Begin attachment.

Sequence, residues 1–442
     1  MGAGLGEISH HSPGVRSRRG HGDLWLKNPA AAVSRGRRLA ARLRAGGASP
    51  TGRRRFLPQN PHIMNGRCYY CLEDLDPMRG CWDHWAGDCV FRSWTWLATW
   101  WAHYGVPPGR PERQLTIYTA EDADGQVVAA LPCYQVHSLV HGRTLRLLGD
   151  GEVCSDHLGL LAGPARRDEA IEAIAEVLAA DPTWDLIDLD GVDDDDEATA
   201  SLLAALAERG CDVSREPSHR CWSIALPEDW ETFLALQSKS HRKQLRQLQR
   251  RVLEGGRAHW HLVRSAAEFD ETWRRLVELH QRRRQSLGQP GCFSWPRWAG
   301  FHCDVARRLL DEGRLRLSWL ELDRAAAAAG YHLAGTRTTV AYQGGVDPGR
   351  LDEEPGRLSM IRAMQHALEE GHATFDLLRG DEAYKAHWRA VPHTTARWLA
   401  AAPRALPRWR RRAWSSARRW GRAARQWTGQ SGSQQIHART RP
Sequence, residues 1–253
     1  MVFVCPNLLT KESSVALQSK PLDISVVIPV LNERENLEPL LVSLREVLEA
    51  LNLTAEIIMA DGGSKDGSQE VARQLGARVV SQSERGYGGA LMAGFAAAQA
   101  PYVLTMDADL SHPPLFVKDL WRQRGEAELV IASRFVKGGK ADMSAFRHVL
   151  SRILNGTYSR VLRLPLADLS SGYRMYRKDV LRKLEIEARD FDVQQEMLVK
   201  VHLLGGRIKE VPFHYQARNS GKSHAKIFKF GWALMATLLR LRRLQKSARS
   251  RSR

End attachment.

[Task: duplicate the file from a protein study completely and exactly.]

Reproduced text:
Sequence, residues 1–442
     1  MGAGLGEISH HSPGVRSRRG HGDLWLKNPA AAVSRGRRLA ARLRAGGASP
    51  TGRRRFLPQN PHIMNGRCYY CLEDLDPMRG CWDHWAGDCV FRSWTWLATW
   101  WAHYGVPPGR PERQLTIYTA EDADGQVVAA LPCYQVHSLV HGRTLRLLGD
   151  GEVCSDHLGL LAGPARRDEA IEAIAEVLAA DPTWDLIDLD GVDDDDEATA
   201  SLLAALAERG CDVSREPSHR CWSIALPEDW ETFLALQSKS HRKQLRQLQR
   251  RVLEGGRAHW HLVRSAAEFD ETWRRLVELH QRRRQSLGQP GCFSWPRWAG
   301  FHCDVARRLL DEGRLRLSWL ELDRAAAAAG YHLAGTRTTV AYQGGVDPGR
   351  LDEEPGRLSM IRAMQHALEE GHATFDLLRG DEAYKAHWRA VPHTTARWLA
   401  AAPRALPRWR RRAWSSARRW GRAARQWTGQ SGSQQIHART RP
Sequence, residues 1–253
     1  MVFVCPNLLT KESSVALQSK PLDISVVIPV LNERENLEPL LVSLREVLEA
    51  LNLTAEIIMA DGGSKDGSQE VARQLGARVV SQSERGYGGA LMAGFAAAQA
   101  PYVLTMDADL SHPPLFVKDL WRQRGEAELV IASRFVKGGK ADMSAFRHVL
   151  SRILNGTYSR VLRLPLADLS SGYRMYRKDV LRKLEIEARD FDVQQEMLVK
   201  VHLLGGRIKE VPFHYQARNS GKSHAKIFKF GWALMATLLR LRRLQKSARS
   251  RSR